Internet Explorer has been hit with a new flaw, which is based on a cookie exploit – this affects all versions of Internet Explorer on any version of Microsoft Windows.
Rosario Valotta found the flaw, and subsequently named it, however it does require a little bit of effort to cause a problem. To be open to the attack, a user must drag and drop the contents of a given cookie into an ‘attacker controlled HTML element’. First however, the targeted cookie has to be for a site that the user is actively logged into, this is required for the exploit to have any meaning. The attacker also has to know the target’s Windows username as well as the version of the operating system being used.
Valotta shows how this is possible by hiding the cookie text in a layer underneath a simple picture. Clicking on the image actually selects the text underneath and then by dragging over another picture (a hoop in this case), it sends the contents of the cookie to the attacker. This could be login details for Twitter or any other site often used by the user.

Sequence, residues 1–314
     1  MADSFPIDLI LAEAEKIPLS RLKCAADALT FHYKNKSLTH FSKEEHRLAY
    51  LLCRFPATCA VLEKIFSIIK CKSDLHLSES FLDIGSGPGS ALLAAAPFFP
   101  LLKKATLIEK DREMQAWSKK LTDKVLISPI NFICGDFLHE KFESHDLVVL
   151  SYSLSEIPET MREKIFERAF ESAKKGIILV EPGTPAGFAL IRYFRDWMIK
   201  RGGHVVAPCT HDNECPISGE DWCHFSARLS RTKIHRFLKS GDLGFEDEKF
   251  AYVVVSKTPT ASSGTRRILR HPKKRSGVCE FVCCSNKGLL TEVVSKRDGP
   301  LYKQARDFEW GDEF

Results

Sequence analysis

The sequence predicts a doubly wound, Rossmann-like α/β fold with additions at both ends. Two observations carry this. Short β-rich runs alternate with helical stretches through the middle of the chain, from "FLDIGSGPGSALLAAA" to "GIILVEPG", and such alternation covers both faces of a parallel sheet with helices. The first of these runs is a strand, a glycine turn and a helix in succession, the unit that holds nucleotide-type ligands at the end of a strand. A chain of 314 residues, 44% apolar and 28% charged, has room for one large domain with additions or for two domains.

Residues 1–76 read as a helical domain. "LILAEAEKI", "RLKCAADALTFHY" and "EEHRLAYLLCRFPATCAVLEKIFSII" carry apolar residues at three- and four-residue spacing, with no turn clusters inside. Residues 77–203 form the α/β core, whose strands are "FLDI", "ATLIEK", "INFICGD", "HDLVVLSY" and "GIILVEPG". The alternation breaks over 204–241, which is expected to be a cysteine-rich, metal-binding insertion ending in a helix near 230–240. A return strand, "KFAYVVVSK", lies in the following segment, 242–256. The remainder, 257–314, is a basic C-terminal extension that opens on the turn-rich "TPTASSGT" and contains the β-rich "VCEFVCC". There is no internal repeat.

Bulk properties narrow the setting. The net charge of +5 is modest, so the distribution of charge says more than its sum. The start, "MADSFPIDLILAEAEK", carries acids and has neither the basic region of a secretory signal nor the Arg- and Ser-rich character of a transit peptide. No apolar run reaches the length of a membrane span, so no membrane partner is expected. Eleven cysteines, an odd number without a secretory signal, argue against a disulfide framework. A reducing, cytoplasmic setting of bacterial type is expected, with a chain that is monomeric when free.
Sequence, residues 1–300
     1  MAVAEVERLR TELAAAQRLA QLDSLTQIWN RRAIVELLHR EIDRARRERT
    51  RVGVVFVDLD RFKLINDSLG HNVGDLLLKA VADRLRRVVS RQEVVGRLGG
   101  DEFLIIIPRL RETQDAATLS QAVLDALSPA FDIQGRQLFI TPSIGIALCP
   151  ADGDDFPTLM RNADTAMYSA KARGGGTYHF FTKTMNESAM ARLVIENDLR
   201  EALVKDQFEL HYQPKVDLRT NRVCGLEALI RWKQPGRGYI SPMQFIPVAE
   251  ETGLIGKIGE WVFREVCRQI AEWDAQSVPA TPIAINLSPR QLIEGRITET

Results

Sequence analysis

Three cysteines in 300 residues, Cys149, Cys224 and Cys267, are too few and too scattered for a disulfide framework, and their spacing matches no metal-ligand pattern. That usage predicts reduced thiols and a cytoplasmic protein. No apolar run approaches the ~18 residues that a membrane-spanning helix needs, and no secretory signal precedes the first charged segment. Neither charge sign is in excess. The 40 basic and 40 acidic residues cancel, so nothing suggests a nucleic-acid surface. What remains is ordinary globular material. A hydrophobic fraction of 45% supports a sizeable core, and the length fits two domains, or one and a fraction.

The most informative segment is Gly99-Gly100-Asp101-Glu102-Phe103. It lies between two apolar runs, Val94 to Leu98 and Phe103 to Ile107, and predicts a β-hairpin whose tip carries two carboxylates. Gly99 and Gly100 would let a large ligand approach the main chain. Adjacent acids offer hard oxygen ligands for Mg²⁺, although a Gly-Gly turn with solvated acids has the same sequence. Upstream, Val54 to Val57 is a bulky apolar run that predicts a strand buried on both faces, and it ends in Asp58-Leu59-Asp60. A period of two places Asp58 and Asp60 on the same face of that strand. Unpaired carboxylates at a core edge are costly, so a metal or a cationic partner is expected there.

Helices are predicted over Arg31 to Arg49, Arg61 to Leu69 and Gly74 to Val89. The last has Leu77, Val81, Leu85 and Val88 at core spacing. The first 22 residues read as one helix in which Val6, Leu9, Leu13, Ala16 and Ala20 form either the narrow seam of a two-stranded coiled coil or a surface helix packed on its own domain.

Valotta said that to capture Facebook details, he set up a simple game which encouraged users to drag and drop a specific object in order to undress a picture of a woman. In less that three days he said that users had sent over 80 different cookies to his server. This highlights how it could potentially be used in the wrong hands.
Microsoft have said that the user interaction required to open this up to serious misuse is too much work.
Jerry Bryant from Microsoft said “In order to possibly be impacted a user must visit a malicious Web site, be convinced to click and drag items around the page and the attacker would need to target a cookie from the Web site that the user was already logged into. We encourage all customers to protect themselves against potential issues by avoiding clicking on suspicious links and e-mails, as well as adjusting Internet settings to higher security levels.”
KitGuru says: Should Microsoft work out a way to block this, or are they right?